Quarter-Finals Roundup

Momen powers past Asal to set up semi-final battle with top seed Farag as Elias and Coll plan for Qatar rematch

Photos by Patrick Lauson & Nathan Clarke

Egypt’s World No.4 Tarek Momen got his revenge on compatriot Mostafa Asal to book his place in the semi-finals of the Canary Wharf Classic taking place at London’s East Wintergarden.

Momen had lost the previous four meetings to 2021 U.S. Open winner Asal, some in controversial fashion which had caused a fierce rival between the two Egyptians, but Momen put right those wrongs with a dominant performance at the PSA World Tour Gold event.

The former World Champion trailed for most of the first game but was able to capitalise on some loose shots from his younger opponent to take the lead. A hand injury at the start of the second game did not stop the momentum of Momen as he powered to the finish line 11-8, 11-3.

Momen left the court with the little finger of his racket hand in spasm.

He explained: “I think my hand hit my kneecap as I was hitting my shot and it sort of paralysed half of my hand.

“I’m glad I could finally take advantage of the three-minute injury break. It always gets used against me, so finally I can make some good use of it myself.

“I’m just happy with the way I played today, given all the history it’s tough to get your head in the game and I managed to do that well today and stay calm. I always like to enter every match just thinking about the game plan, cancel out everything that’s happened before, only focus on my game and I’m very happy I could do that today.”

Momen will face top seed Ali Farag for a place in the final after the world No.1 defeated Colombia’s Miguel Rodriguez in a match that fully entertained the packed-out London crowd.

The Colombian delighted the audience with his electric movement and creative shot making, but was unable to really trouble the reigning World Champion as he prevailed 11-8, 11-3 in 22 minutes.

During the post-match interview, Farag was asked about a recent exhibition he had played with Rodriguez in New York.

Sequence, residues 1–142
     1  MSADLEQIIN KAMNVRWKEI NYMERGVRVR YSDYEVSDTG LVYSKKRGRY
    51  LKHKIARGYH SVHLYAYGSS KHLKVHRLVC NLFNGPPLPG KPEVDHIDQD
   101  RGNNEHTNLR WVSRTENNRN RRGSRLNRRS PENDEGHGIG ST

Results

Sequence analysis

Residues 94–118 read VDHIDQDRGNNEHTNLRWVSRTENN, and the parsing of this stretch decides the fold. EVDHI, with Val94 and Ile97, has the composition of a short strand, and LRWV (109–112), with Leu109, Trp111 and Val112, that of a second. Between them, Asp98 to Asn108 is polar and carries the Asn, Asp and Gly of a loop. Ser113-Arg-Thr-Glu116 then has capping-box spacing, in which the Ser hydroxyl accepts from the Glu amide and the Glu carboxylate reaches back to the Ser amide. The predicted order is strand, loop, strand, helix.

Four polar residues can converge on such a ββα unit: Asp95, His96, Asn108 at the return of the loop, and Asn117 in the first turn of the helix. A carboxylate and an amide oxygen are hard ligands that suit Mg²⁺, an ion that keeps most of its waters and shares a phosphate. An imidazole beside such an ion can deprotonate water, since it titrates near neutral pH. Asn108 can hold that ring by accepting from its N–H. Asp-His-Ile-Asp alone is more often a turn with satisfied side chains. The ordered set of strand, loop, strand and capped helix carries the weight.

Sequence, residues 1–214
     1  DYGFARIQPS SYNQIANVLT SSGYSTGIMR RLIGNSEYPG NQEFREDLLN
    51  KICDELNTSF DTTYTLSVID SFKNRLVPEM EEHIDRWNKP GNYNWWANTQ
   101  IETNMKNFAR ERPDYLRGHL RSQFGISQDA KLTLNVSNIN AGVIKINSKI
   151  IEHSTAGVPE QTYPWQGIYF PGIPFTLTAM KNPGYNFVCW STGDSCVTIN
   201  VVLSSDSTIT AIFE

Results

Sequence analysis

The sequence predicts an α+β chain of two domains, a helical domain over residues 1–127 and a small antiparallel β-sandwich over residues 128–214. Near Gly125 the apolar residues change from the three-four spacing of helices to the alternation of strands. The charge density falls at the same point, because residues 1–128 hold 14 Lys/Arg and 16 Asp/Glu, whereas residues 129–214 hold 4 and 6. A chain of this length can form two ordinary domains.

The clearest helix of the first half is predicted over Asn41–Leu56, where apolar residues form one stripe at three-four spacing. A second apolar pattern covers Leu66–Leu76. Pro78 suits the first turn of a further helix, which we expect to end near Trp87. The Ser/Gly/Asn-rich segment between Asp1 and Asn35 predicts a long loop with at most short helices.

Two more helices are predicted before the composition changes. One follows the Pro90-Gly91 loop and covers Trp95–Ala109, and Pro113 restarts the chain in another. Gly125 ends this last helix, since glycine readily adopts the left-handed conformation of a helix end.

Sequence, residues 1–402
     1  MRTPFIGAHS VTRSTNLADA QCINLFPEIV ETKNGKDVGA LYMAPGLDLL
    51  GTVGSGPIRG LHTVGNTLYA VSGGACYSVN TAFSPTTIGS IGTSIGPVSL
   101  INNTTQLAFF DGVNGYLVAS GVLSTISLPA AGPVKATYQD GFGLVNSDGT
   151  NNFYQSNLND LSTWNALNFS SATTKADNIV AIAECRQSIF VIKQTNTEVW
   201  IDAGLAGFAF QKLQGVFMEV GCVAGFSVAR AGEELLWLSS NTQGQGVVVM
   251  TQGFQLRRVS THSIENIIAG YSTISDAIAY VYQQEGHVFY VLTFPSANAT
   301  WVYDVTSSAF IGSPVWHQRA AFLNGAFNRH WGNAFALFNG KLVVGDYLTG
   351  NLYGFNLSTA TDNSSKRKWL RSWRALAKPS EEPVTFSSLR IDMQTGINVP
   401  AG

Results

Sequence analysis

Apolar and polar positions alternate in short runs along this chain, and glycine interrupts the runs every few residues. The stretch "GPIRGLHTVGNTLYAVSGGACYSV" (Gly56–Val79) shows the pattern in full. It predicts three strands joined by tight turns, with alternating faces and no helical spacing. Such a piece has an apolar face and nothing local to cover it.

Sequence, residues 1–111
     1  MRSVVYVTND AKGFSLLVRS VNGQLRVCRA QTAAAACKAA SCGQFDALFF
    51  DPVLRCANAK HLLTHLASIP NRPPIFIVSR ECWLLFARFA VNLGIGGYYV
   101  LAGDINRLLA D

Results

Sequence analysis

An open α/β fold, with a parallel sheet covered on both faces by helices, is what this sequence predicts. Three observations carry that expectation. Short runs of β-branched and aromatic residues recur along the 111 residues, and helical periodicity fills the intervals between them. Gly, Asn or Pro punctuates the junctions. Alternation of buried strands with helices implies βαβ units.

Farag admitted: “I wouldn’t say we played an exhibition match, he played the exhibition show. I was watching.

“Miguel is such an entertainer. What I admire so much is he can do it whilst playing serious squash as well and winning the British Open and achieved so much whilst playing such entertaining squash.”

He has been practising with Momen all week and, when asked about playing him in the semi-finals, he added: “I was warming up so couldn’t watch everything but I watched bits of it. Both are brilliant players and they’re evenly matched every time they play. This time Tarek came out on top so I’m going to have a tough match but one which I will really enjoy.”

The other semi-final will see a rematch of the Qatar Classic final as Peru’s Diego Elias and New Zealand’s Paul Coll go head-to-head for a place in the conclusion of the Canary Wharf Classic.

The last time the two players met it was Elias who took the memorable victory as he claimed his maiden Platinum title in Doha and he continued that rich vein of form with an impressive performance against France’s Gregoire Marche to win 11-7, 11-7 in 38 minutes.

“I’m not used to best of three,” said Elias afterwards. “I’ve done well this week. Best-of-three requires a different warm-up, different mentality. In Qatar I was 2-0 down against Greg so I knew I had to be at my best from the first point, so I’m happy I did that and against Paul it’s like the final again in Qatar.

“I think in the head-to-head its 2-2 so it’s always tough, but you never know, tomorrow’s another match and I just need to prepare well and be ready.”

With a return to best-of-five scoring, Asal is expecting a long match. He added: “It’s always long with Paul. I have to go on court with that mentality to be there for a long time and I think I’ll be alright.”

Coll, meanwhile, was at his clinical best to overcome Welshman Joel Makin in straight-games and book his place in the last four.

A superb technical display by the New Zealander proved to be too much for Makin as he closed out the match 11-5, 11-6 under the bright lights of the East Wintergarden.

“I’m feeling really good and I’m super happy with that performance,” said Coll. “Joel’s a really solid player that matches my physicality, so it came down to me trying to play a really good squash match and just super happy with that performance.

“He’s very strong across the middle as soon as I left the ball short, I was in a lot of trouble and he can pick up a lot of balls. It was a challenge for my squash and my patience and mentality and playing the right shot at the right time, so I’m just really happy to win that 2-0 and get through to the semis super fresh.”

Asked about a possible rise in the rankings to world No.2 if he wins the tournament, Coll said: “I’m in a new stage of my career that I’m working through mentally. This is a big tournament for me, a big match for me.

“I’m expected to win all these matches now, I try to leave all that stuff off court because its stuff you can’t control. There’s a lot on the line for me so I’m just really happy with the performance.”

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